Email and Digital Voice Message File Attachments: Watch What You Write and What You Say

For years, we have been saying, “watch what you say in email, as it may come back to haunt you.” Everyone knows this maxim but surprisingly few seem to heed that advice.

Email truly has become a clear and present danger to the corporation. Indeed, the higher up in an organization one goes, the more likely email will be used for the wrong reasons and potentially end up in the hands of someone who will happily read the messages — usually years later — out of context. Many executives (and even government officials) save email for no reason other than to cover their “assets,” should matters take a turn for the worse one day. I sat and watched a clever young barrister once cross examine a senior executive for two days on the silly things he said in his email box. That executive promised me that he would never use email again. Of course he used email again — we all do for the same reasons.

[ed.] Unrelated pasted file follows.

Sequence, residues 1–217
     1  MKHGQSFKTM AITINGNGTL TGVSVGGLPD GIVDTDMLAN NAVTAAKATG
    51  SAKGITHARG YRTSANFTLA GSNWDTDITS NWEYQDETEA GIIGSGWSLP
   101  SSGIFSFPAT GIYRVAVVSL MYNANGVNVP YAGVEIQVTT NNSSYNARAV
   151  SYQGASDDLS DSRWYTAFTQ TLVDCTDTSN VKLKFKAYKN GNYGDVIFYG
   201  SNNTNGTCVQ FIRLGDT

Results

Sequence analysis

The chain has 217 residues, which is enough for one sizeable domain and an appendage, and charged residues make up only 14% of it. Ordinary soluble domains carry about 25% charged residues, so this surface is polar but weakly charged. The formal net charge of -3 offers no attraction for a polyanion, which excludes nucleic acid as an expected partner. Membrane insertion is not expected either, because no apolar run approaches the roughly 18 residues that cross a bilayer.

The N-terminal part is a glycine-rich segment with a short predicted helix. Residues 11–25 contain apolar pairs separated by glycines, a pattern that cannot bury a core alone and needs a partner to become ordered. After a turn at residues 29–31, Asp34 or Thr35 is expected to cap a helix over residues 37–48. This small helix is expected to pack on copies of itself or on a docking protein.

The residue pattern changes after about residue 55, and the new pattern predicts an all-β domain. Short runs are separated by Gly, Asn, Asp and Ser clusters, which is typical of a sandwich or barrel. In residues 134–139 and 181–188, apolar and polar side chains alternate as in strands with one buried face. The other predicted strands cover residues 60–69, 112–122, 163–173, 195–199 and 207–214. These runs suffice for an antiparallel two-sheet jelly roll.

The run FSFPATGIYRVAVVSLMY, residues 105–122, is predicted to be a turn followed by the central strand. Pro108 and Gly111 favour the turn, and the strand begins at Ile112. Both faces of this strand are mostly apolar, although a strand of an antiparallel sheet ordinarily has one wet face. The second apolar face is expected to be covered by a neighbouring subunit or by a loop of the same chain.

If you think email is risky and you take what you believe to be all the necessary precautions, consider the implications of digital voice technology. When you call someone and go “into voice mail,” did you know that in many organizations your message is saved in a .wav file and automatically forwarded to the person you tried to get on the phone via email? Unlike email, which lacks tone of voice and is easily read out of context or explained away, digital voice messages will have many of the attributes needed to understand exactly what the person meant when they said “we need to kill the competition.”

If you never heard of digital voice technology, or have heard of it but don’t know about all the risks, you are not alone. A recent survey suggests that organizations are mostly in the same boat and the ship has set sail.

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